Iraq: UN condemns deadly attack in Kurdistan

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Erbil | The UN warned on Tuesday that Iraq could plunge again into instability in the aftermath of a rocket attack on an air base hosting US forces that left one dead and several wounded Iraqis and foreigners in Kurdistan.

This is the first time in nearly two months that such fire has targeted Western military or diplomatic facilities in Iraq, the latest attack dating back to mid-December when rockets exploded near the US embassy in Baghdad.

On Twitter, the UN representative in Iraq, Jeanine Hennis-Plasschaert, denounced “hateful and dangerous acts” which “constitute a serious threat to stability”.

She called for “restraint” and cooperation between Erbil, capital of the autonomous region of Kurdistan (north), and Baghdad on the investigation.

Airport closed

The attack appears to have targeted a military complex in Erbil airport where foreign troops are positioned as part of the international coalition led by the United States and which supports Iraq in its fight against the jihadists.

But rockets also landed on residential neighborhoods, according to the city’s health department, which reported five wounded civilians.

Coalition spokesman Colonel Wayne Marotto told AFP on Tuesday that three rockets hit the airport, killing a non-American foreign civilian employee.

Nine other people were injured, including eight civilian employees and a US serviceman, he said.

Erbil airport remained closed Tuesday morning, as authorities took stock of the damage, its chief Ahmad Hoshyar told AFP.

Monday evening, the head of American diplomacy, Antony Blinken, said he was “outraged” by the attack, indicating that his country “would demand accountability” from its authors.

He further specified that he had contacted the Prime Minister of the Kurdish regional government, Masrour Barzani, to assure him of American support in the investigation into these shots.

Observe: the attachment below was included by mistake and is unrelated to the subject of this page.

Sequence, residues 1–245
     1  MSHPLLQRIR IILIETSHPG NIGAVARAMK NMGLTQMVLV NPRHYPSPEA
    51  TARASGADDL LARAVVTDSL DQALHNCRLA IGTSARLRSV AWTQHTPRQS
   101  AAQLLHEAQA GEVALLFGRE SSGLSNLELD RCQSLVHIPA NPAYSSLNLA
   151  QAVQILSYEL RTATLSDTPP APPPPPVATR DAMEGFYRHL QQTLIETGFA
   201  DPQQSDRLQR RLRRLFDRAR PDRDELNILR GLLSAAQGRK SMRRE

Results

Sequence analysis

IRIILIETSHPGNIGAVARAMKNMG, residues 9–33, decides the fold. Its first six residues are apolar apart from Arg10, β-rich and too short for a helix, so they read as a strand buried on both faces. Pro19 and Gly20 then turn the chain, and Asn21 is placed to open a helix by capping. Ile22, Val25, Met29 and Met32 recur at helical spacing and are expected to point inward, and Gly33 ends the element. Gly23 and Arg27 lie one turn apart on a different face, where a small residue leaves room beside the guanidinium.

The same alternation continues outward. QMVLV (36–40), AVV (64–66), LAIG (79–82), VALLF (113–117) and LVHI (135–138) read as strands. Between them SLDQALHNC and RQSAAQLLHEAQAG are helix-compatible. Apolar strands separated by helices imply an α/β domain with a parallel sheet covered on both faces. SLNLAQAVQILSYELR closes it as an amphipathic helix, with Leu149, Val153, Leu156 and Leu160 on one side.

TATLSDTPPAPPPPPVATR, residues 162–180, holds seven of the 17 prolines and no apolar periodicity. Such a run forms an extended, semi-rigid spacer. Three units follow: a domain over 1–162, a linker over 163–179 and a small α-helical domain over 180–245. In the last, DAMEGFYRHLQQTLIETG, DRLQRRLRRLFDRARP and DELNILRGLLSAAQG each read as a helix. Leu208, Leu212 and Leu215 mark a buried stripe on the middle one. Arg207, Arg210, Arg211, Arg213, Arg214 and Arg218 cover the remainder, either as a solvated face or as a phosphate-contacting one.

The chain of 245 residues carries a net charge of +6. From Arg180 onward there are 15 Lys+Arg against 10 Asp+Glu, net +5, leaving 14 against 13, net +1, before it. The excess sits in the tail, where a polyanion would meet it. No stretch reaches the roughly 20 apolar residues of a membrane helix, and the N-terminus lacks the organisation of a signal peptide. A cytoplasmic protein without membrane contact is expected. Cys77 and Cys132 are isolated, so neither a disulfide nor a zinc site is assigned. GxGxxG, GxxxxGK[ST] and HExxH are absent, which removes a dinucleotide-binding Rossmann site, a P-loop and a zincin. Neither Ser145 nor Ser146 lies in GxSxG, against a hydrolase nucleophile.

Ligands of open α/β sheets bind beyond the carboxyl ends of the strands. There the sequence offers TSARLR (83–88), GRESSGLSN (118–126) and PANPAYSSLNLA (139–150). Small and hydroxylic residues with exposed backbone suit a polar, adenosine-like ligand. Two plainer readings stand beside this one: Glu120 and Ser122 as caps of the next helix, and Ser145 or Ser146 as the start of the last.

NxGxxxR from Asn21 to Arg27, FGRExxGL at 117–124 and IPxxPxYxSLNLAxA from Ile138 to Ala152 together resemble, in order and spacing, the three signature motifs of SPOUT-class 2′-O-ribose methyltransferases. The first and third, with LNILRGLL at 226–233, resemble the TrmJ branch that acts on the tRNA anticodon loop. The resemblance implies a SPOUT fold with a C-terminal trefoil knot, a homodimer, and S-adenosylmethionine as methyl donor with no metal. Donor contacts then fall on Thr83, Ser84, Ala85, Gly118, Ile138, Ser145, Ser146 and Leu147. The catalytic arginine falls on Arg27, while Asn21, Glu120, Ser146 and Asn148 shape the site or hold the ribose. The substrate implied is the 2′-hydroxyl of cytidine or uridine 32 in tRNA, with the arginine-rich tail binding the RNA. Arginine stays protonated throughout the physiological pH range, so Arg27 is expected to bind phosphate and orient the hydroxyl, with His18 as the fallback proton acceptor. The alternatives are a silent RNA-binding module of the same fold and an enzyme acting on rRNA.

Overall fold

Mr. Barzani condemned the attack “in the strongest terms” and Iraqi President Barham Saleh denounced on Twitter “a dangerous escalation”.

Two sources in the field of intelligence told AFP that the rockets had been launched from inside the autonomous region.

Pro-Iran factions?

The attack was claimed by a little-known group calling themselves Awliyaa al-Dam (“Guardians of the Blood”). Security officials told AFP they believed it was a cover name to actually hide known pro-Iran factions that want coalition forces out of the country.

Western military and diplomatic installations had been targeted in Iraq from the fall of 2019 by dozens of rockets, but most of these actions were carried out in Baghdad.

Iranian missiles were, however, fired at Erbil airport in January 2020, a few days after the elimination of Iranian General Qassem Soleimani by an American drone strike in Baghdad, an attack which had raised fears of a direct war between the Iran and the United States.

Rockets were then fired regularly at the US embassy in the Iraqi capital, with US and Iraqi officials blaming pro-Iran militias.

In October, Washington threatened to close its embassy if the attacks did not stop. After that, several pro-Iran Iraqi factions agreed to a negotiated truce under the aegis of the Iraqi government. The rocket fire had almost stopped.

Since Iraq declared victory over ISIS at the end of 2017, foreign troops have been reduced to 3,500 troops, including 2,500 Americans.

Almost all of these foreign units are stationed in the military complex at Erbil airport, according to a coalition source.